One of them was "I have a consultants appointment at X time so will need to drop the DC off on time today, will you be there?" No reply angryangry

iCloud Sat 16-Jul-16 14:13:04

Needless to say coats were never dropped off and DS still doesn't know if he has a costume.

RandomMess Sat 16-Jul-16 14:41:48

Okay if there is no formal contact arrangement at all then you could go down the route of refusing contact to force him to take you to mediation.

If you have a regular contact arrangement in place (same days/nights each week) then stick with that and just do not have any contact with him at all - even about the DC etc. assume you will not do anything regarding costumes etc.

I would advise the school that he is not sending the DC to school with appropriate clothing etc and that you suspect he may be doing it deliberately as he refuses to engage with you and the DC are suffering. The DC will, unfortunately, have to just make do with whatever shitty hand he deals them because you need disengage with your ex completely.

Do you think it is deliberate? Does he have a history of being controlling or abusive towards you in other ways?

Fourormore Sat 16-Jul-16 15:15:25

Or, you could pick up the slack to make sure that your young children aren't going without. That's what I've done. I shouldn't have had to but why should they suffer just because they have a father who lets them down. It must be pretty shitty for a young child to have one useless parent and one that just shrugs and says "sorry, kid, it's your dad's fault".

I wouldn't be leaving my children distressed about costumes, coats or whatever else. I'd sort the costume. I'd buy a cheap pac-a-mac type coat and ask them to make sure they kept it in their school bag. The only shoes that go between houses are their school shoes so they always have casual shoes here.

The school are highly unlikely to want to get involved in stuff like this. A court wouldn't suspend contact because of it.

Accept you can't rely on him for anything. Stop asking him things. Stop expecting replies.

c3pu Sat 16-Jul-16 15:17:23

He sounds like a douche, but stopping contact would be unreasonable, it would be the children who suffer most in this kind of situation.

iCloud Sat 16-Jul-16 16:53:34

Thanks all. It's more a case that he has sneakily forced his contact nights up to three a week. I have them for four nights and all through the holidays.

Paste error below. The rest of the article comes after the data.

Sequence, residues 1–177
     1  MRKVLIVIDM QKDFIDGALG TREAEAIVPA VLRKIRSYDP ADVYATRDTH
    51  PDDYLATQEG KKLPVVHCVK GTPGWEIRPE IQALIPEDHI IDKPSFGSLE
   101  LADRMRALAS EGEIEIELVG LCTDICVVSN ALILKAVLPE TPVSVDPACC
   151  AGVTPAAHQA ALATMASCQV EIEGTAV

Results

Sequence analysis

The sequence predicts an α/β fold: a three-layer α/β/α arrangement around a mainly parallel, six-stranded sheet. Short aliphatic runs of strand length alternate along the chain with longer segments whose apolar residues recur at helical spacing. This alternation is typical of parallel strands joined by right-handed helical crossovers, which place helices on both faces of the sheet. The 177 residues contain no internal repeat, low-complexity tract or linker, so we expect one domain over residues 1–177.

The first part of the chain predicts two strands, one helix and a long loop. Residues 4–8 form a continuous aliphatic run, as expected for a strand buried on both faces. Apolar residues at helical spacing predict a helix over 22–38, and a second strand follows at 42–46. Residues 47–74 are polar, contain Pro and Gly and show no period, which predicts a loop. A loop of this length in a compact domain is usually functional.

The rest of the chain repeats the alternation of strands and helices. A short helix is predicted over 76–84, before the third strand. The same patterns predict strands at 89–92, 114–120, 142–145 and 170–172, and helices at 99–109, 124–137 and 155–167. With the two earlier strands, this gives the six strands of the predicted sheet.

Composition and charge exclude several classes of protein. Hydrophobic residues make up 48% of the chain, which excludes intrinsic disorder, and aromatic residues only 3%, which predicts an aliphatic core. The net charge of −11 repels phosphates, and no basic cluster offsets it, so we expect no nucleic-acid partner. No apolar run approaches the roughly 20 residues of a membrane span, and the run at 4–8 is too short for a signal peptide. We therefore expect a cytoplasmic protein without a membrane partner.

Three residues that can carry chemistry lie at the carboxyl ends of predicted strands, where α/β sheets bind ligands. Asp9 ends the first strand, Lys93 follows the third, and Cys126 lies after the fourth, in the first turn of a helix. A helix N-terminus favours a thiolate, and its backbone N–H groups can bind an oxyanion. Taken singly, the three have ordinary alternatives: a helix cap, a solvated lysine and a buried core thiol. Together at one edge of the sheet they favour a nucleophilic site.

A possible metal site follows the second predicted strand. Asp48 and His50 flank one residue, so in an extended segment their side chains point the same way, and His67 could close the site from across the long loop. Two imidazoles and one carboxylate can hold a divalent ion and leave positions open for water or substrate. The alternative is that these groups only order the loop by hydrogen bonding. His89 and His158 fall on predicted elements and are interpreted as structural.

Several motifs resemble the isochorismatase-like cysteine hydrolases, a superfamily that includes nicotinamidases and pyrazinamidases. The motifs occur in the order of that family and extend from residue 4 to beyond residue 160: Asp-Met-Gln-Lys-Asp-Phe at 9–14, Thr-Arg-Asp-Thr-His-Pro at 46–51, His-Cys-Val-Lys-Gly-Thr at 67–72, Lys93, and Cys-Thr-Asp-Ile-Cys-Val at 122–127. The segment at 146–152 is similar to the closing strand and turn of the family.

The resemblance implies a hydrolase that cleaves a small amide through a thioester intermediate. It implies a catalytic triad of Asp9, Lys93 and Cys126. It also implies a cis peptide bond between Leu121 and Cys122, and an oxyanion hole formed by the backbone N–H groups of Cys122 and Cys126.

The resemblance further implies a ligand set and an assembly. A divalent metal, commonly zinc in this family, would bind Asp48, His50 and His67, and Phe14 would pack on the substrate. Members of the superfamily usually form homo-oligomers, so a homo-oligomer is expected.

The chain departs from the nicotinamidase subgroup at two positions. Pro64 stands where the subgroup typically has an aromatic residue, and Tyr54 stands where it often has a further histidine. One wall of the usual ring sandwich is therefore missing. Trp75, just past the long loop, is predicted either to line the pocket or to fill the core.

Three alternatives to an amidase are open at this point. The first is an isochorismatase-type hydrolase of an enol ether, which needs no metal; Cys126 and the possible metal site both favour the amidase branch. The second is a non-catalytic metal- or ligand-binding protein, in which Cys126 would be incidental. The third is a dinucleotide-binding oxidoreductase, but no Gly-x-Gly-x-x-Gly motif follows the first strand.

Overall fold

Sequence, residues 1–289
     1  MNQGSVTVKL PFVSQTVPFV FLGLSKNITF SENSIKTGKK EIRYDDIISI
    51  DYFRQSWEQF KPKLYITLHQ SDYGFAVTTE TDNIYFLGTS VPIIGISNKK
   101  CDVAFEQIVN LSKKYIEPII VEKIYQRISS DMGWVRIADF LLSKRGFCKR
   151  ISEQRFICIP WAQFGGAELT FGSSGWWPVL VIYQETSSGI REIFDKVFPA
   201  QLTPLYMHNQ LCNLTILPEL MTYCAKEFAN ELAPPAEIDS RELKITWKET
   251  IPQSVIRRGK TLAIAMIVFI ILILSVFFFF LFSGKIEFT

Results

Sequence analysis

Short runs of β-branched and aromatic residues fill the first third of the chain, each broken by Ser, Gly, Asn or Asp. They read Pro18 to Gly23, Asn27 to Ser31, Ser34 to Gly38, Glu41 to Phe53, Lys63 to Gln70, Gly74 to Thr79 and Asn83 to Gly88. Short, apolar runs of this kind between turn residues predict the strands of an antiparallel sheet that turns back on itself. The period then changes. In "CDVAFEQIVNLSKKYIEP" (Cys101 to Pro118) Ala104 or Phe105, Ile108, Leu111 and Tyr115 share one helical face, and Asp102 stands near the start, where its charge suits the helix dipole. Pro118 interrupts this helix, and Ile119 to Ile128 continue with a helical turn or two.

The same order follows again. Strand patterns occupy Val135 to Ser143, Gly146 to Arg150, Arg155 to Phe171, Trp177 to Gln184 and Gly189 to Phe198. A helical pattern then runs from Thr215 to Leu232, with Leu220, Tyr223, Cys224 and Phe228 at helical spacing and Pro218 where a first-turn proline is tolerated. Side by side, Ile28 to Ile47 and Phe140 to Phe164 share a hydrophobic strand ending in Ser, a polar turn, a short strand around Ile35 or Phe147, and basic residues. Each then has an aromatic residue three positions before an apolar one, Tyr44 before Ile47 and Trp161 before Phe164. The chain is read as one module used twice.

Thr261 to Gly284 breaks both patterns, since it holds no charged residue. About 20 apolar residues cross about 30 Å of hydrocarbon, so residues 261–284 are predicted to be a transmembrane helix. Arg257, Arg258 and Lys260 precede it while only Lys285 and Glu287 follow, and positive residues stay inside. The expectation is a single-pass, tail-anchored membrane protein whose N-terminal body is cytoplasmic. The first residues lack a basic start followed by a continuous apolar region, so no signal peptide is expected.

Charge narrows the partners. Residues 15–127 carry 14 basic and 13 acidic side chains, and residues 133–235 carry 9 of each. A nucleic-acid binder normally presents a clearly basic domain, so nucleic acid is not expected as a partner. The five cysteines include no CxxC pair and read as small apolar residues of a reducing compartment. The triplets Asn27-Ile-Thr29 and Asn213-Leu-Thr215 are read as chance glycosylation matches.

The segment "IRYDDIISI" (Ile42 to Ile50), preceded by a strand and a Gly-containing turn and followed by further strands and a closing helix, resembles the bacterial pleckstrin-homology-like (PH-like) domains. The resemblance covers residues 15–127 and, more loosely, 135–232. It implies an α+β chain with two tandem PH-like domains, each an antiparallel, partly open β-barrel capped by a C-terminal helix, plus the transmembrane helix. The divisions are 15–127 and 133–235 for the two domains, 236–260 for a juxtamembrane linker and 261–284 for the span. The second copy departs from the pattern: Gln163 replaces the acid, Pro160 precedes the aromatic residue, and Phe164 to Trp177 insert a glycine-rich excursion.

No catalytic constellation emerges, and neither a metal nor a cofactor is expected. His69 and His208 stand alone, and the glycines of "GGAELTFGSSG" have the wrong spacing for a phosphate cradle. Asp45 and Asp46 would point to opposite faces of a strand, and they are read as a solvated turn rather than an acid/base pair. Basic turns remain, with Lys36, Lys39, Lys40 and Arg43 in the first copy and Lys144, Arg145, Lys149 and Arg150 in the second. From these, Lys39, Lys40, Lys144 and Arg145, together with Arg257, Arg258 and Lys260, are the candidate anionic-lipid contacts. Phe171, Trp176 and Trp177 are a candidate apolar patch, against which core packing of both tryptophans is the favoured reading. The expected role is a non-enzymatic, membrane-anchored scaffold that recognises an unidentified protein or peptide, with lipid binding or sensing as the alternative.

He's done this so he can pay less maintenance. I don't feel he deserves to have them the extra day as he uses childcare rather than actually seeing them and clearly cannot parent properly anyway.

At the moment he is away with his gf, I imagine spending the 1k he owes for his DC, who incidentally don't get to go away this summer hmm

Sorry if I'm ranting, heavily pregnant, stressed and hormonal.

Fourormore Sat 16-Jul-16 16:56:39

How has he sneakily forced his contact up?

Also, unless he's on a particularly high wage, he's likely to be paying out more in childcare and food costs than the saving he would get in child maintenance.

iCloud Sat 16-Jul-16 17:03:41

He told me he wanted to start spending more time with them and also start taking them to a club they'd been desperate to go to first thing on a Saturday morning.... He was nice as pie about it and I felt it was the right thing to do to agree. Neither things every materialised.

He uses my mother as free childcare. She is not allowed access to DC via me for various reasons spanning decades. she pays for transport and food.

He's emotionally abusive, but was only physically abusive once. He hit me during a row while we were separating. The police were called but as there were no witnesses he got away with it. He still maintains to everyone who'll listen that I made it up. I didn't.

RandomMess Sat 16-Jul-16 20:55:35

You don know that maintenance is calculated over the number of nights for the whole year averaged out per week???

c3pu Sun 17-Jul-16 09:58:47

"He's done this so he can pay less maintenance"